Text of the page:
The lawmaker vying to be chairman of the House Energy and Commerce Committee in the next Congress is challenging Federal Communications Commissioner Michael Copps to explain his proposal for new public interest regulations on the media, whose news coverage he criticized along with his own agency's role in regulating it.
Last week during a speech at Columbia University, Copps outlined a plan for a "public value test" every four years that would make the license renewal of broadcasters contingent upon meeting federal criteria such as the delivery of news, diversity, the conducting of community input meetings and local programming requirements.
"It's a pretty serious situation that we're in," Copps told BBC Washington correspondent Katty Kay last week. "We are not producing the body of news and information that democracy needs to conduct its civic dialogue, we're not producing as much news as we did five, 10 years, 15 years ago and we have to reverse that trend or I think we are going to be pretty close to denying our citizens the essential news and information that they need to have in order to make intelligent decisions about the full direction of their country."
Barton sent Copps a letter on Monday asking him whether he believes the FCC should reinstate the Fairness Doctrine, if his public values test is meant to bring back the ascertainment rules and whether he believes the panel's five commissioners can do a better job of ensuring Americans have access to a wide diversity of content and viewpoints than the marketplace.
"I hope ... that you do not mean to suggest that it is the job of the federal government, through the Federal Communications Commission, to determine the content that is available for Americans to consume," Barton wrote in the letter.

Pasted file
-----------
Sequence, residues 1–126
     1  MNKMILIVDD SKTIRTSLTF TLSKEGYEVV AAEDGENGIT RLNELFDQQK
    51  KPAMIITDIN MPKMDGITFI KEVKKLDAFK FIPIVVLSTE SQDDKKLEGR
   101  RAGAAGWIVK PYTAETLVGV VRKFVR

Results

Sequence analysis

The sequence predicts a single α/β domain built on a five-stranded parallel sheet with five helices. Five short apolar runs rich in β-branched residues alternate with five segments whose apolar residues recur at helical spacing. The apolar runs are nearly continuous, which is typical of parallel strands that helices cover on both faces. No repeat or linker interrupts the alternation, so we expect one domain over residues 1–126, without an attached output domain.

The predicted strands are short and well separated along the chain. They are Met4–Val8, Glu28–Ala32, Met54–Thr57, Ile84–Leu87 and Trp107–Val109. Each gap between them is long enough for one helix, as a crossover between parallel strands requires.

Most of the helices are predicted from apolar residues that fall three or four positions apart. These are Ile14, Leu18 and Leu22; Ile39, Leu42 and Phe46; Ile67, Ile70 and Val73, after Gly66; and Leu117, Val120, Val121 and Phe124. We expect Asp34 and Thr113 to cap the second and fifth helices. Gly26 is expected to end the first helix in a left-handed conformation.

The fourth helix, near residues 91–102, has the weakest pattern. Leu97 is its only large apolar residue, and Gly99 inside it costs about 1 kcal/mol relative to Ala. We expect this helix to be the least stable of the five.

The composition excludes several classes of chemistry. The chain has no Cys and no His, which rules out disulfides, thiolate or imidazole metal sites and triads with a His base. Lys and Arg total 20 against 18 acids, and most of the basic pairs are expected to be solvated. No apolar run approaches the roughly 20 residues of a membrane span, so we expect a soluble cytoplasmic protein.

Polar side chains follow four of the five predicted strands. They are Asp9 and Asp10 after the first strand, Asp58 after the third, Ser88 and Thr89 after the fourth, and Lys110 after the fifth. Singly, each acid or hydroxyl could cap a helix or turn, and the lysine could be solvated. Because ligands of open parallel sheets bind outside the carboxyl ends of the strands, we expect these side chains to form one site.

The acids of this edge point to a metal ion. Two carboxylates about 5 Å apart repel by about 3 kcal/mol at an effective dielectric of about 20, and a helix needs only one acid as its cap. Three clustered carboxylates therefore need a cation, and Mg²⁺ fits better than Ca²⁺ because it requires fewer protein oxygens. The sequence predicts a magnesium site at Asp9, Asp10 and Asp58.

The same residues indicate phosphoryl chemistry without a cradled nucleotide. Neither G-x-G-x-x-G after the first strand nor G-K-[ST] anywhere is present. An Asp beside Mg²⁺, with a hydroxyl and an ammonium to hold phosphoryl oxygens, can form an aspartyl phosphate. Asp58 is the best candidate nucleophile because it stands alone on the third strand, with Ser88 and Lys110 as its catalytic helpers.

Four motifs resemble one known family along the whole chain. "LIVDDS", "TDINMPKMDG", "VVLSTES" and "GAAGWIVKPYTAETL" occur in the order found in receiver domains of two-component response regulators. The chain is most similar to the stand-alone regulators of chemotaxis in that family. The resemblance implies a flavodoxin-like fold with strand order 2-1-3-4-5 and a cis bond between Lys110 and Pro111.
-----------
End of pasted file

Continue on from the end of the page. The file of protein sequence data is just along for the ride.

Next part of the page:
"Although your concern for providing American citizens information they need to 'make intelligent decisions about the full direction of their country' may stem from the very best of intentions, increasing the federal government's role in the composition of the information Americans have at their disposal -- in an information marketplace that is bigger and more easily accessible than ever before -- is unwise policy and raises serious questions of constitutionality," he said.
The Fairness Doctrine, first instituted in the late 1940s, threatens to strip broadcasters of their licenses if they failed to give free airtime to opposing sides on controversial issues.
A spokesman for Copps told FoxNews.com that he would respond to Barton's letter by the end of the week.
It is unlikely that any such regulation would get through Congress with Republicans taking control of the House in January and increasing their ranks in the Senate.
This isn't the first issue that Republicans and the FCC have clashed over. Republicans have opposed the FCC's so-called "network neutrality" rules which would prohibit phone and cable companies from blocking or discriminating against Internet traffic flowing over their broadband networks.
The FCC is expected to vote on the proposal by the end of this month.
Last month, Sen. Jay Rockefeller, D-W. Va., publicly wished that the FCC would shut down Fox News and MSNBC to improve the political discourse -- a request the FCC cannot fulfill since it only regulates broadcast airwaves, not cable.
"It would be a big favor to political discourse; to our ability to do our work here in Congress; and to the American people, to be able to talk with each other and have some faith in their government and, more importantly, in their future," said the chairman of the Senate Committee on Commerce, Science and Transportation.
The FCC never commented on the request.